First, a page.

Chess Books on Tactics

four chess books on tactics

Brief Overview of these Four Chess Books

How to Beat Your Dad at Chess is confined almost entirely to checkmating patterns. If you’ve played many games of chess and win at least 40%-60% of them, this could benefit you, helping you win more games. But it’s not for the raw beginner.

Chess: 5334 Problems, Combinations and Games is a vast collection, focusing more on quantity than on quality. Like How to Beat Your Dad at Chess, it’s more for the intermediate-level player than for the beginner.

Beat That Kid in Chess is for the player who knows how to move the pieces around but has never, or almost never, won a game of chess. Its content is true to that form: for the “raw” beginner to learn how to win. It concentrates on simple tactics.

The older book 1001 Winning Chess Sacrifices and Combinations—that’s a large collection of tactical problems, with 1001 solutions at the end of the book, fortunately. It’s not for a beginner but for the intermediate competitor.

Examples of Chess Puzzles Found in These Books

How to Beat Your Dad at Chess

tactic in a chess position

Diagram 1: White to move (a multi-move tactical combination)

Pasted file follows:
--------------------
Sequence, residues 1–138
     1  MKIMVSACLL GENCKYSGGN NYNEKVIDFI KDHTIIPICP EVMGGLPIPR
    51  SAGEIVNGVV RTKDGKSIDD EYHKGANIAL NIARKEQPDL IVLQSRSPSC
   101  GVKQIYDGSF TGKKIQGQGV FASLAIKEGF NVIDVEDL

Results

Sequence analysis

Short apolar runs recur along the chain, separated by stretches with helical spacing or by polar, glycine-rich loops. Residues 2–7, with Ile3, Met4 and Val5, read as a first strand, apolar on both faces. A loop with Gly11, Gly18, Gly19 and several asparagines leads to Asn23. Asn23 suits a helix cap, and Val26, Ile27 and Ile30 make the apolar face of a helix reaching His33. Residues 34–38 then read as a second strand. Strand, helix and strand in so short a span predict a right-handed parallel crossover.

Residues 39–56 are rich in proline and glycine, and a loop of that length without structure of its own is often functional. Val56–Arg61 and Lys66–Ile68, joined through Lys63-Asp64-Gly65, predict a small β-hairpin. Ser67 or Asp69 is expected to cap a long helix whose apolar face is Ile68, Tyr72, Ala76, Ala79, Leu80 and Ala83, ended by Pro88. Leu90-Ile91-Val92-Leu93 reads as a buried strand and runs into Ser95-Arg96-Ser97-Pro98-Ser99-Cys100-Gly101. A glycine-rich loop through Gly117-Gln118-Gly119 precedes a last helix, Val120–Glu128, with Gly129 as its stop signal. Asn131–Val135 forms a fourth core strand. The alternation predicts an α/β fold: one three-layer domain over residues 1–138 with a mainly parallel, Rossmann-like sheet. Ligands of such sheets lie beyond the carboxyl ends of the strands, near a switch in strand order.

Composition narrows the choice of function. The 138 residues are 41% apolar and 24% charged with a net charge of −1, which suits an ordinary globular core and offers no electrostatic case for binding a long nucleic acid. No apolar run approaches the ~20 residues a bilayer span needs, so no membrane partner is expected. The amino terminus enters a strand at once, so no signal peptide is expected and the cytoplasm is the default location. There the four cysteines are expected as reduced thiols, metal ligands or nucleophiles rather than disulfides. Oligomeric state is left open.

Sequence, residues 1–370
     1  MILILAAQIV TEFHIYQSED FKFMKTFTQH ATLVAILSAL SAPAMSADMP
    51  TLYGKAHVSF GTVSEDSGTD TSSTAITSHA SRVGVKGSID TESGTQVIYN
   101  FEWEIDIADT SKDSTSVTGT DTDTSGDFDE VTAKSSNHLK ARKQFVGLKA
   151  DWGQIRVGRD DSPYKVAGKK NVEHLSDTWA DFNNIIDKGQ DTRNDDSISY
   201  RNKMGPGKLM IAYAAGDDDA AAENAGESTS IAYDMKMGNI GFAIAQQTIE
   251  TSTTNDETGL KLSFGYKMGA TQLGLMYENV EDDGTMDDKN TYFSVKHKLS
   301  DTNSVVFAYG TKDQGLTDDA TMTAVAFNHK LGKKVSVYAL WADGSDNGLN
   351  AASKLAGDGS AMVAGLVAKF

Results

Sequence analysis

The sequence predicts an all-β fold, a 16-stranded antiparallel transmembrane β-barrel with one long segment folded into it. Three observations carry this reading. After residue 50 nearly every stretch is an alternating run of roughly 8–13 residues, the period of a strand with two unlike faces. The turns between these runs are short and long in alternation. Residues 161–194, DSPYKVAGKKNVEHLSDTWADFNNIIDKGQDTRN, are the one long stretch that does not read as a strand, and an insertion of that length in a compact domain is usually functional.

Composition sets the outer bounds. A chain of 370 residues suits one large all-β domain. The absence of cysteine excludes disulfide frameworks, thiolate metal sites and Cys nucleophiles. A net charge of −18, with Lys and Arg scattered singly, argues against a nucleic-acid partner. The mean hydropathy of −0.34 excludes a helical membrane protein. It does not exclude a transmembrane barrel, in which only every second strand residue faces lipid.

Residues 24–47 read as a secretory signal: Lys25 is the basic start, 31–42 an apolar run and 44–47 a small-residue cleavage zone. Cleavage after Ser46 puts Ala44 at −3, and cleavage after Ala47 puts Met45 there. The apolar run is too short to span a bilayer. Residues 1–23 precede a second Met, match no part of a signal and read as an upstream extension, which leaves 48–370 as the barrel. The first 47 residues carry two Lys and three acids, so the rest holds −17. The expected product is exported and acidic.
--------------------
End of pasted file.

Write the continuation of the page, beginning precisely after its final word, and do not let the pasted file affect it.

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Chess: 5334 Problems, Combination and Games (No position is displayed on the Amazon page, so no chess-puzzle example can be shown here, from this book of thousands of puzzles, tactical combinations, and games)

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Beat That Kid in Chess

White's move in this endgame of chess

Diagram 2: White to move (a simple application of a tactic)

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1001 Winning Chess Sacrifices and Combinations

neat tactic but way beyond a beginner

Diagram 3: White to move (too difficult for a beginner)

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Reviews of Three Chess Books

. . . three chess books, each of them appearing, from the cover, to be for children. The ideal ages for readers of these books, however, may surprise you.

Chess Books for Novices

These appear to be chess books for REAL beginners. . . . three in alphabetical order of the title . . .

A Chess Book for raw Beginners

Beat That Kid in Chess easily leads you into the most important tactics that win games. It uses the new NIP system of chess instruction, perhaps used in no previous book on the royal game

Best Chess Book for Beginners Who Already Know the Rules

This instructional chess book is best for the “raw” beginner, the novice who knows how the pieces move but wants to actually win a game.

Kids’ Chess Books

I found several publications that could be very beneficial for children. Since these books do not appear to be directly competing with mine [Beat That Kid in Chess], I feel no hesitancy in mentioning them.

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